One of the top questions that landlords have is how to report tenants to the credit bureaus, an option unavailable to many property owners with fewer tenants. Why is it hard to report tenant rent pay? A merchant account is usually necessary for reporting rent payments to the three major credit bureaus.
However, landlords with a smaller volume of tenants can take advantage of services which resolve the issue of how to report tenants to the credit bureaus. Regardless of which site you use to report your tenant’s payments to the credit bureaus, you will usually need to set up a profile for reporting. Once set up, you’ll be able to report your tenants’ payments easily. Consider using the Landlord Credit Bureau to Report your Tenant Rent Payments.
Who Pays When Reporting?
Fees are involved with services you use for the how to report tenants to credit bureau process. Sometimes these take the form of regular monthly service fees, based on the number of accounts serviced. Other companies sometimes use an annual fee structure.
Shopping around for different options before making a choice is an excellent way to make sure you’re choosing the right option. After looking at a few options, you might be able to narrow down your choices somewhat before making your final choice.
If you are undecided on whether you will charge a fee to report tenant rent pay or not, bring it up to your tenants. Either splitting the cost with you or paying the price are options to consider. Should the tenants decide to opt-out, you will need to pay these costs yourself.
An Option for Landlords
Landlord Credit Bureau offers services that allow landlords to report on tenants, as well as access a database letting you know which tenants are good and which are best avoided. Access to these tools helps landlords find better tenants more likely to pay on time.
Both late and missed payments can end up on the tenant’s credit report, answering the question of how to report tenants to credit bureau. Having a late payment reported on a tenant’s credit score can be a powerful incentive for the tenant to pay on time. The consequences of paying late can be reasonably long-lasting for the tenant.
Collecting Unpaid Rent
Collection agencies can pursue a tenant for unpaid rent, usually either for a percentage of the amount owed or a flat fee. The collection agency has the option of reporting the account to the credit bureaus if the amount is uncollected. For many tenants, the thought of dealing with a collection agency on its own is enough to make tenants reconsider getting delinquent on their payments.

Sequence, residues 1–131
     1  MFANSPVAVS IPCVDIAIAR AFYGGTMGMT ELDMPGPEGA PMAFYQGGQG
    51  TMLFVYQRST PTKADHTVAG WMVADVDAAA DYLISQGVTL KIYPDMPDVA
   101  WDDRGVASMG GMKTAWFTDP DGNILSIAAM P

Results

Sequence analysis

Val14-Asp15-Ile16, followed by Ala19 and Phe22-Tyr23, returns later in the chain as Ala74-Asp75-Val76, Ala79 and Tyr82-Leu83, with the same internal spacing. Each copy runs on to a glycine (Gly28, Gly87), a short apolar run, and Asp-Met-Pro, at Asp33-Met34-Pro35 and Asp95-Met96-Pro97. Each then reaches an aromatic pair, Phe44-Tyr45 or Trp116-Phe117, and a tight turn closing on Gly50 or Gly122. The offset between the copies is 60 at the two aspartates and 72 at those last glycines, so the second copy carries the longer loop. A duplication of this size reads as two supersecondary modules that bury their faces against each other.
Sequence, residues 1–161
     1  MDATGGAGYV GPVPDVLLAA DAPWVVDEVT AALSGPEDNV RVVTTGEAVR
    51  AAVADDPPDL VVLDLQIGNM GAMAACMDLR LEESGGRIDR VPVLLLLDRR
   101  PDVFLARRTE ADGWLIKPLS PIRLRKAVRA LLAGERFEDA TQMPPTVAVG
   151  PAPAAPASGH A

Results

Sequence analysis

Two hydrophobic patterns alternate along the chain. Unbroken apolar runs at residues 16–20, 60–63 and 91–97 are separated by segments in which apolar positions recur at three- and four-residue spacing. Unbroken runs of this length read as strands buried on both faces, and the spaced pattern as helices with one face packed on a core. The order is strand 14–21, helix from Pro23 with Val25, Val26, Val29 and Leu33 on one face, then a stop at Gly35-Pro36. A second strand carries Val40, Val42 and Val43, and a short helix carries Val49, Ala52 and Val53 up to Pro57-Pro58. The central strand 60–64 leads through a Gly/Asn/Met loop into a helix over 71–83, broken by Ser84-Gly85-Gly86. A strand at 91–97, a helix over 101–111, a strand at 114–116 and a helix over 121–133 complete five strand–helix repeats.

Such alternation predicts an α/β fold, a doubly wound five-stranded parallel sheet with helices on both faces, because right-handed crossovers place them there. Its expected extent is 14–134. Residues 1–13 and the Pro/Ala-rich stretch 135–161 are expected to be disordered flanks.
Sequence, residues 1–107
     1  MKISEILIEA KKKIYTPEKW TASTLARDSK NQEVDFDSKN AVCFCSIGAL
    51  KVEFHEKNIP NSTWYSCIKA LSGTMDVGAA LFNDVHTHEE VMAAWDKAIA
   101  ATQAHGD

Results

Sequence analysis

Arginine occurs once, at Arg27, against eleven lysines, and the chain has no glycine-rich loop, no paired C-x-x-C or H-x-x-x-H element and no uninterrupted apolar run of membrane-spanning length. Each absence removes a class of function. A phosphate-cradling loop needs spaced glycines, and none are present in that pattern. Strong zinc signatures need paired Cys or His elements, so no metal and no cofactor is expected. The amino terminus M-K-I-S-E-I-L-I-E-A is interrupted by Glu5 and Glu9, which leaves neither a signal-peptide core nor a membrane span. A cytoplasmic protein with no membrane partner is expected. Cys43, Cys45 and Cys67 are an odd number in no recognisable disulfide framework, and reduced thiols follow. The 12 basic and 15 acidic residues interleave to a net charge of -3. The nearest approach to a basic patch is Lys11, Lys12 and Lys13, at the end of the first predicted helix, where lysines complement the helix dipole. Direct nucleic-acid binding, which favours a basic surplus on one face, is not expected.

One of the things to look for when choosing a collection agency is whether they report to all three credit bureaus or not. A collection account of this type has a severe enough impact on a tenant’s credit score and their future ability to rent an apartment easily. Consequences for skipping payments or paying late can make an impact on bad tenants. The Landlord Credit Bureau can help you prevent losses and reward good tenant behaviour.
Getting a Civil Judgement When Necessary
If you’ve had to resort to evicting a tenant or they have simply left without paying, suing the tenant to recover the financial losses may be an option. A civil judgment will become part of the public record, which will serve as a red flag to others thinking of renting to that person. Tenants will often wish to avoid such consequences, and be more likely to pay on time.
Another outcome of the civil judgment is that the record goes on the report tenant rent pay part of the credit report. Civil judgments not only stay on a credit report for seven years but can also result in 100 points being taken off the tenant’s credit score. Renters who hope to qualify for credit further down the road will want to avoid such consequences. The Landlord Credit Bureau (LCB) can help you prevent these consequences.
Is There Any Benefit for Landlords Reporting Rent Payments?
One definite benefit that comes from reporting rent payments is better landlord and tenant accountability. Sometimes, knowing that they will be rewarded with a positive remark on their credit report is a perfect incentive for tenants to pay on time and conform to the lease agreement.
You will also have the chance to help other landlords by reporting this history. Many landlords struggle to find good tenants because on-time payments usually receive little attention. You can help play a role in showing other landlords which tenants are keepers.
No landlord is obligated to report tenant payments to credit bureaus. However, doing so can help increase the likelihood of tenants keeping their rent paid on time. Knowing that you have recourse to services that help you achieve these goals is always a relief for any property owner.
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This post is provided by the Landlord Credit Bureau to help landlords and property managers reduce the risks of rental income loss and avoid rent theft. The Landlord Credit Bureau provides articles on Reporting Tenant Rent Pay and Tenant Screening to ensure necessary information is readily available to all Landlord & Tenants.
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The information provided in this post is not intended to be construed as legal advice, nor should it be considered a substitute for obtaining individual legal counsel or consulting your local, state, federal or provincial tenancy laws.